Use this URL to cite or link to this record in EThOS: http://ethos.bl.uk/OrderDetails.do?uin=uk.bl.ethos.632862
Title: Utilisation of mass spectrometry in the quest for male urogenital cancer biomarkers
Author: Flatley, Brian
Awarding Body: University of Reading
Current Institution: University of Reading
Date of Award: 2013
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Abstract:
This thesis presents the application of mass spectrometry to the field of biomarker discovery. It focuses on the identification of diagnostic and prognostic protein biomarkers for prostate and penile cancer respectively. Matrix-assisted laser desorption/ionisation (MALDI) and electro spray ionisation (ESI) are key ionisation techniques used in mass spectrometry for the analysis of macromolecules such as proteins. High-throughput MALDI mass spectrometry profiling was used to analyse urine and plasma samples from men attending a urology clinic for confirmation of their prostate disease status. The results of the MALDI MS profiling found that the abundance of p-microseminoprotein (MSMB) when measured in urine taken following a digital rectal examination of the prostate gland was lower in men with prostate cancer over men that were diagnosed with benign prostate conditions. MALDI MS was also used to map the spatial distribution of biomolecules in penile tissue slices that contained invasive squamous epithelial cell carcinoma and areas of benign epithelial cells. The results of this mapping highlighted a number of mass-to-charge (mlz) ratios where the abundance of the underlying biomolecule was significantly different in one region when compared to the other. One difference at mlz 11,637 was suggested to represent the calcium binding protein family member SIOOA4. The levels of this protein were measured in a larger sample cohort using immunohistochemistry, where it was found that the number of epithelial cells in malignant penile tissue that were positive for SlOOA4 could be correlated to the clinical grade assigned to that tumour.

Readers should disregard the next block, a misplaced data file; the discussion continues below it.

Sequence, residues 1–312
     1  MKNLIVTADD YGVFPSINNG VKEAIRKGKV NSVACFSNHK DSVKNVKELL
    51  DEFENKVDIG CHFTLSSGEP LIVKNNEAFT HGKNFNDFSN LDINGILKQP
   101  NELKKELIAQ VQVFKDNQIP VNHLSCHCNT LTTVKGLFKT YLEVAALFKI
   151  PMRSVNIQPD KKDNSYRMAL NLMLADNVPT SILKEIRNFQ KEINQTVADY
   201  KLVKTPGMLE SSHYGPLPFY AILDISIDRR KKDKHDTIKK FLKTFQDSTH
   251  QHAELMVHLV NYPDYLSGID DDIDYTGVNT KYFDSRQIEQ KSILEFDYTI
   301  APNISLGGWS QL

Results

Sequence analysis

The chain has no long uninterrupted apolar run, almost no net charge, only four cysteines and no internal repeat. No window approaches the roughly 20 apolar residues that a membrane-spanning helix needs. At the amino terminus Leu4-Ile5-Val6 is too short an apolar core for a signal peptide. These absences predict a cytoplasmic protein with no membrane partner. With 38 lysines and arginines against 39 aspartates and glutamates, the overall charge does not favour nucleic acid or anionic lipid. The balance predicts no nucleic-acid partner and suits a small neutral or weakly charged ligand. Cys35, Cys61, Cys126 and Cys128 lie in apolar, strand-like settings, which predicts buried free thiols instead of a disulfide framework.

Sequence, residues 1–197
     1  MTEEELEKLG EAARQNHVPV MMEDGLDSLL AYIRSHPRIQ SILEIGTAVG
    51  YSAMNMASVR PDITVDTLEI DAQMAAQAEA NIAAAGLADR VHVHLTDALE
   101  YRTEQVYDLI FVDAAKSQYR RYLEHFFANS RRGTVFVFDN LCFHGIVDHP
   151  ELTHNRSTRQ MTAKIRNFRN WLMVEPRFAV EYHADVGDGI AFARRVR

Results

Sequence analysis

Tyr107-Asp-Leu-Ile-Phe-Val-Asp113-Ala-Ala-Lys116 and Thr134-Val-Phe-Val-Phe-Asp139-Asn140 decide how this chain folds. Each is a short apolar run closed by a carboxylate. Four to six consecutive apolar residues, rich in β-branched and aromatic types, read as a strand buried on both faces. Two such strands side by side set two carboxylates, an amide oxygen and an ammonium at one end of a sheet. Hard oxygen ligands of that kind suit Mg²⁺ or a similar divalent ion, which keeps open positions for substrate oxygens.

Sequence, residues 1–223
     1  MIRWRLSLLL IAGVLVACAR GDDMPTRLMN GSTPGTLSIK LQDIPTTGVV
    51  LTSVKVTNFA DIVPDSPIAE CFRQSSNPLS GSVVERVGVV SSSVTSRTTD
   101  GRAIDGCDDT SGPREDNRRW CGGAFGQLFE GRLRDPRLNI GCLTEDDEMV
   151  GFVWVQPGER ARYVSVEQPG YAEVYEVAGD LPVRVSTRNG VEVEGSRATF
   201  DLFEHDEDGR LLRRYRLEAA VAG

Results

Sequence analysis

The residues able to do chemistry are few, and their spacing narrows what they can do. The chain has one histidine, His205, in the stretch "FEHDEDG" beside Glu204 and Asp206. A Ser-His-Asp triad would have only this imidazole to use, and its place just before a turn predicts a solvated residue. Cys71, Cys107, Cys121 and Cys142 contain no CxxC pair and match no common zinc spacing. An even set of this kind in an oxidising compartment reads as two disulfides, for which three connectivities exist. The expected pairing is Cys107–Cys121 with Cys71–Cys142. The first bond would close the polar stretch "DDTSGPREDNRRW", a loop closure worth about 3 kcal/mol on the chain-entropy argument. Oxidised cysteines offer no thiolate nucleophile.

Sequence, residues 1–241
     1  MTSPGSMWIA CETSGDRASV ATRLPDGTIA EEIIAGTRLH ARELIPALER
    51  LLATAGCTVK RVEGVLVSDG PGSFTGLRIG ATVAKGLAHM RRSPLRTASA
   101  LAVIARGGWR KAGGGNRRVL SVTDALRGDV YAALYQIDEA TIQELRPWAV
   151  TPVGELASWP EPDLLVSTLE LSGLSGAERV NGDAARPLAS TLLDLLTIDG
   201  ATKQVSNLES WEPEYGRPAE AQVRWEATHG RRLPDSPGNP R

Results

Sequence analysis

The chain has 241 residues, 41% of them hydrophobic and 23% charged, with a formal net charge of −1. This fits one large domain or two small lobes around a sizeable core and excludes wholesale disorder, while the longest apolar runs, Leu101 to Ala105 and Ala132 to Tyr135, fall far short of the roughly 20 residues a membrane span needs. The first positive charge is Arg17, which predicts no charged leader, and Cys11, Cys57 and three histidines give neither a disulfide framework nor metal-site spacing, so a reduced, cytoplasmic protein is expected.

Supervisor: Not available Sponsor: Not available
Qualification Name: Thesis (Ph.D.) Qualification Level: Doctoral
EThOS ID: uk.bl.ethos.632862  DOI: Not available
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